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  5. First--Amen, Dana.
    Second--this is my first speech each semester and one of my favorites because I learn so much about my kids. This semester, though, I banned their cell phone (We all know you like to text your friends) and their ear buds (We all know you like music). I told them they needed to be more specific if they wanted to talk about music and their friends. FOr the most part, they followed the "rules"

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    1. I've done a couple of different versions of the speech this year. We've made name tags and introduced ourselves w/ those and created "me-infographics." I was getting tired of the bag and needed to freshen it up. We should chat about some of the things we do in speech.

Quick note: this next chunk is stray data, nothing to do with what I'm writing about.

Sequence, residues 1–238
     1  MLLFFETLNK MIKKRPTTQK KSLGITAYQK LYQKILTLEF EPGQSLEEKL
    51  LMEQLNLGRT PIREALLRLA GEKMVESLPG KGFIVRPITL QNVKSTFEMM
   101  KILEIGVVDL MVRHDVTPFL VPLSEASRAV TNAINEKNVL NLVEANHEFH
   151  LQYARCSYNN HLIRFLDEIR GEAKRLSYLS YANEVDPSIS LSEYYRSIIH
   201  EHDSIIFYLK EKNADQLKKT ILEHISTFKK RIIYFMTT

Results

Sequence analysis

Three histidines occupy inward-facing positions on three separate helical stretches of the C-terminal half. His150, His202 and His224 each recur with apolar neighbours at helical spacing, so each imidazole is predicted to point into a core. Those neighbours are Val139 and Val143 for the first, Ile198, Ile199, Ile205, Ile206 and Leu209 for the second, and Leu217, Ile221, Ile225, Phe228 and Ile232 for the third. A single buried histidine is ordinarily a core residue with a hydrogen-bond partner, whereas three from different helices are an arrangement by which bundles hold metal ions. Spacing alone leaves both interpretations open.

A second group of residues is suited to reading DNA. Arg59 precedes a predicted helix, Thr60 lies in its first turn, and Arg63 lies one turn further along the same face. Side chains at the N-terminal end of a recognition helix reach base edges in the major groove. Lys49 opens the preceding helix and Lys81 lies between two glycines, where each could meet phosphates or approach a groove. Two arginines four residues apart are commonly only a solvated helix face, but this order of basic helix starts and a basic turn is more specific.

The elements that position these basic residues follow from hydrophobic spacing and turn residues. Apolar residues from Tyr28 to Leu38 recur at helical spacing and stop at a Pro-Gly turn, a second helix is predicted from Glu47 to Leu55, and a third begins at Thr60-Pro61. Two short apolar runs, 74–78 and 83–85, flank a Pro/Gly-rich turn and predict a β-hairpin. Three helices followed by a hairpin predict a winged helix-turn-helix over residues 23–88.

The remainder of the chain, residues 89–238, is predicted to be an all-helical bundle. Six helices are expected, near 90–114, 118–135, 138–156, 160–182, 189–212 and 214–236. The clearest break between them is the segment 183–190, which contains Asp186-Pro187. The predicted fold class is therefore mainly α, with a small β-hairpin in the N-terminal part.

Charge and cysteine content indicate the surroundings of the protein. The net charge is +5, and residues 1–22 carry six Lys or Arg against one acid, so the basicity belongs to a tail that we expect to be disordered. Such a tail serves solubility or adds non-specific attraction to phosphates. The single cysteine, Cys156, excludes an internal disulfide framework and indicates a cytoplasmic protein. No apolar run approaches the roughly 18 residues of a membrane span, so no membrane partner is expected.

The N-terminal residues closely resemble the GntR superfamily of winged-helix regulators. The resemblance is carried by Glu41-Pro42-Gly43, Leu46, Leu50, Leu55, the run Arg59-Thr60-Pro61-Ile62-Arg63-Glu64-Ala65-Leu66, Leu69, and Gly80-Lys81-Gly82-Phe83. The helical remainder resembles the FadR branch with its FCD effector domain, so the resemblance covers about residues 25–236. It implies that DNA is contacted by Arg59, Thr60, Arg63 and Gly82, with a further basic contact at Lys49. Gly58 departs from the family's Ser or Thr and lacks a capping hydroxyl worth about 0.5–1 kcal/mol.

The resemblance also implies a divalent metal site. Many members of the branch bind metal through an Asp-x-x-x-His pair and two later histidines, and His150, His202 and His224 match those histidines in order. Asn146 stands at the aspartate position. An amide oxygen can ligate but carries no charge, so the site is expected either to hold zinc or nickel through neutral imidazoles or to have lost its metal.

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  6. First--Amen, Dana.
    Second--this is my first speech each semester and one of my favorites because I learn so much about my kids. This semester, though, I banned their cell phone (We all know you like to text your friends) and their ear buds (We all know you like music). I told them they needed to be more specific if they wanted to talk about music and their friends. FOr the most part, they followed the "rules"

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  7. This is so very true! But at least you're aware of it and try your best to not be tuned out by creating some great lessons!